The members of the Tacoma-based band, Enumclaw, consider themselves a working-class group. They have slogged in minimum wage jobs, rehearsed in basements and enjoyed their fair share of “tall boy” cans of beer belly-up at a dive bar. Of course, there’s nothing wrong with any of this. But the band members also dream bigger. Part of their identity entails a grind, a push for more, to make for higher ground when the time is right.
For inspiration, the group looks to the 90s U.K. chart-toppers, Oasis, which blossomed from its humble blue-collar beginnings. Today, the band is enjoying its own early successes, including the attention from local outlets, KEXP and the Seattle Times, and the national tastemaker music publication, Pitchfork. But Enumclaw’s most significant step forward will come on April 30 with the release of the group’s five-song debut EP, Jimbo Demo, out on Tacoma’s Youth Riot Records.
“We’ve all had our share of hard times,” says Enumclaw’s frontman, Aramis Johnson. “We’re striving to do something bigger than us and to make it out of Tacoma. I see a lot of myself in the way Noel talks about things. I really relate to the journey of it all. Everybody, I would hope, dreams big.”
By “Noel,” Johnson means Noel Gallagher, co-founder of the famous Manchester-family band, Oasis. In fact, Johnson says he’s watched the 2016 documentary, Oasis: Supersonic over a dozen times. He finds energy and push from it, including in one of the culminating scenes in which Oasis plays in front of over 100,000 audience members and then does it again the next night. The indelible image of the sea of people seems almost impossible after a year where everyone had to stay inside. Yet, it’s also a clear ambition for Enumclaw.
“If that doesn’t get you pumped up,” Johnson says, “I don’t know what will.”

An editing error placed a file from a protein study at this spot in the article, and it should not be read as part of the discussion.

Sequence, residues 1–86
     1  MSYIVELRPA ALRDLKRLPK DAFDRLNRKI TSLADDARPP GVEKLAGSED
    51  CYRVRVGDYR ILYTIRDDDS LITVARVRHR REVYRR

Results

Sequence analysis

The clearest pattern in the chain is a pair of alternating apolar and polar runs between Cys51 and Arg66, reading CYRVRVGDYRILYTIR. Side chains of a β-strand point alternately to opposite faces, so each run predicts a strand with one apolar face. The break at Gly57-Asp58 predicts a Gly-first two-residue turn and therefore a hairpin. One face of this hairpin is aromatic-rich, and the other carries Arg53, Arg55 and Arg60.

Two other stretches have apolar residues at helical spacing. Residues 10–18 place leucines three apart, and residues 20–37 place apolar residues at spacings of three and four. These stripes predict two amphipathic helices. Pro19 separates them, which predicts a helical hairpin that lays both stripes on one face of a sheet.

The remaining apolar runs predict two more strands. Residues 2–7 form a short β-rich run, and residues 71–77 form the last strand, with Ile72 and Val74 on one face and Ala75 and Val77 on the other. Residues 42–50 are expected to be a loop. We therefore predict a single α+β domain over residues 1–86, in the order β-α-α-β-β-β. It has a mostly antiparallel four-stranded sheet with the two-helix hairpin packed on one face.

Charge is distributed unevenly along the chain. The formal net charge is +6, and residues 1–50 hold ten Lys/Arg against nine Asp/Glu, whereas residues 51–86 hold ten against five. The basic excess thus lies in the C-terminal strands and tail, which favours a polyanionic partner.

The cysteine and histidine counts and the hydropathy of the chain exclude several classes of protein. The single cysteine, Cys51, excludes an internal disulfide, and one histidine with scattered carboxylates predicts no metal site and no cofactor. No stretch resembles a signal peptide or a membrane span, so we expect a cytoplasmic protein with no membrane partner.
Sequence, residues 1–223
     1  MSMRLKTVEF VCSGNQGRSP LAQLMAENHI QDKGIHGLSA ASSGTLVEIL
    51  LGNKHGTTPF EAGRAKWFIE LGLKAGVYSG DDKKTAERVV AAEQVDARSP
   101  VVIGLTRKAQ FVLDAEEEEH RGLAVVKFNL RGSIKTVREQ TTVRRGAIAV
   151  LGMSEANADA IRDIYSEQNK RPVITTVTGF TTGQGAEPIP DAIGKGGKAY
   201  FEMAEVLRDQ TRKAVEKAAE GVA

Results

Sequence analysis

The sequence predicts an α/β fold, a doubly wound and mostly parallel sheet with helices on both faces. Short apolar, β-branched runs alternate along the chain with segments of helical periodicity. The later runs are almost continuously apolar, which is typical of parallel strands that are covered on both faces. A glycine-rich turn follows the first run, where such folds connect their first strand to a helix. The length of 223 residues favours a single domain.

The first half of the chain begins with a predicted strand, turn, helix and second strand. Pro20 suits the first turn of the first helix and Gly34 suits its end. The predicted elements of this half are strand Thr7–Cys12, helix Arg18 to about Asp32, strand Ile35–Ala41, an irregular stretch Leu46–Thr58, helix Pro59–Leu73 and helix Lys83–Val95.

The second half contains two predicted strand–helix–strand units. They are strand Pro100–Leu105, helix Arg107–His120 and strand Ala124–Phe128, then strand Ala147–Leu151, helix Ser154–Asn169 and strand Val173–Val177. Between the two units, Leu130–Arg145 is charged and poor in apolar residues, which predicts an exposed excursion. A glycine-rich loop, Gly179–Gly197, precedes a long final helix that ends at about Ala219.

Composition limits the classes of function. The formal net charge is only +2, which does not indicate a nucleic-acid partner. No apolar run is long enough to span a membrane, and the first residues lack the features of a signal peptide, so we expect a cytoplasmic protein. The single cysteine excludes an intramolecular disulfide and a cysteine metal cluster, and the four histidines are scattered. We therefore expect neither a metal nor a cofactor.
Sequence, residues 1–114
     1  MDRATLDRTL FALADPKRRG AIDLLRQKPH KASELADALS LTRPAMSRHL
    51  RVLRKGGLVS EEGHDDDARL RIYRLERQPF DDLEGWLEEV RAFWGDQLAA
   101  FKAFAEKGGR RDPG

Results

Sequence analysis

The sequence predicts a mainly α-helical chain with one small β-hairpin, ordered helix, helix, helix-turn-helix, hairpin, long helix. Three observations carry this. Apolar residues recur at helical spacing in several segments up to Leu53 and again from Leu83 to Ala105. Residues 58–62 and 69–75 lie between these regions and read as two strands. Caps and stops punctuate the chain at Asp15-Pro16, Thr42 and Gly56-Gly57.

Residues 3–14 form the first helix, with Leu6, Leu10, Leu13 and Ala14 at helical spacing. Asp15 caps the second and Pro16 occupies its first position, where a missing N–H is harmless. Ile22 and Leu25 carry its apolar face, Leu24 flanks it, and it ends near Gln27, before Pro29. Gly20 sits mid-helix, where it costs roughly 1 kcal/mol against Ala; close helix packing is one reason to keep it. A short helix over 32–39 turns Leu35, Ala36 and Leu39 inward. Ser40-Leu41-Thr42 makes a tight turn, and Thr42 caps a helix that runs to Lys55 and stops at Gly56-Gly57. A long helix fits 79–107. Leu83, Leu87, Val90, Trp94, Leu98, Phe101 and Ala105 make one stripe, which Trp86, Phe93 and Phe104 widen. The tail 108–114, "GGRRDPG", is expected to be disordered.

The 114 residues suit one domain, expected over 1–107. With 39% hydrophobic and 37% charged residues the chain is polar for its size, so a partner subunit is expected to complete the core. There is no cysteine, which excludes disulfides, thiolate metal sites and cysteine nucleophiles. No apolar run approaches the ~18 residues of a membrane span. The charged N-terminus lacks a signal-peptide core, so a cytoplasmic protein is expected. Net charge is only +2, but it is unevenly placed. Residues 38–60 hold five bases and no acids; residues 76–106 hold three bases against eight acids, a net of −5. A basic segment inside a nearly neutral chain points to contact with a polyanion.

Enumclaw, which formed in July 2019, found its groove as a three-piece. Comprised of frontman Johnson, drummer Ladaniel Gipson and guitarist Nathan Cornell, the trio enjoys digging into fuzzy sounds and catchy rhythms. They began to put songs together in earnest in March 2020, but then the COVID-19 shutdown put a stop to all that. In the time between, Johnson says he wrote and reflected. He tapped into vulnerabilities and insecurities. The resulting songs solidified the foundation for the band’s debut EP. Then Enumclaw enlisted Johnson’s brother, Eli Edwards, to play bass. The quartet was complete.
“I don’t think I could have been in a band without Nathan, Ladaniel and Eli,” Johnson says.
In a way, each of the band members learned new instruments to get the project off the ground. Gipson had played guitar and ukulele but never drums. Edwards picked up the bass for the first time for the project. Cornell took up bass before Edwards joined the group, and Johnson had never much played guitar or sung prior to the band. Though they’d all participated in making music since the mid-2010s, whether that was DJing or putting out songs digitally on platforms like SoundCloud, Enumclaw is a new mode of expression for each of its members.
“It’s odd to me now,” Johnson says, “that something we’ve come together and done in our friend’s bedrooms is now in the world and exists on its own. People are consuming our music the same way we consume other people’s music.”
Two major avenues inspire the songs the band makes: the sing-talk-yet-melodic-droning vocals of artists like Drake and Kid Cudi and the emotional, angsty rock songs from grunge-era bands like Nirvana, Oasis and The Smashing Pumpkins. The band’s music is the sound of dripping wax over an out-of-tune, scratchy turntable. In other words, it’s nuanced, provocative and even blissful. On the new EP, songs often touch on a hope to see more of the world and not to be trapped in any low-stakes cycles.
“I wrote these songs on an acoustic guitar in my living room by myself,” Johnson says. “I had a lot of time to reflect on myself and the people around me. I have friends I grew up with who have maybe been to Seattle three times in their whole lives, and we’re now in our mid-twenties. I don’t want to be like those people.”
“I feel like I’ve messed up relationships in my life,” Johnson says, “whether platonic or romantic because I wasn’t vulnerable enough. So, putting that stuff into the music is me trying to learn how to be vulnerable for the first time.”
Enumclaw members came to music early on in their lives and have since become rather obsessed with it. That care and deep love show clearly in the songs they create. For Edwards, it’s that music can change the world. For Gipson, it’s the freedom music offers to say anything at all in song. For Cornell, it’s the act of forgetting space and time while performing. And for Johnson, it’s the catharsis music offers that keeps him coming back.
“Music fills the void like nothing else,” Johnson says.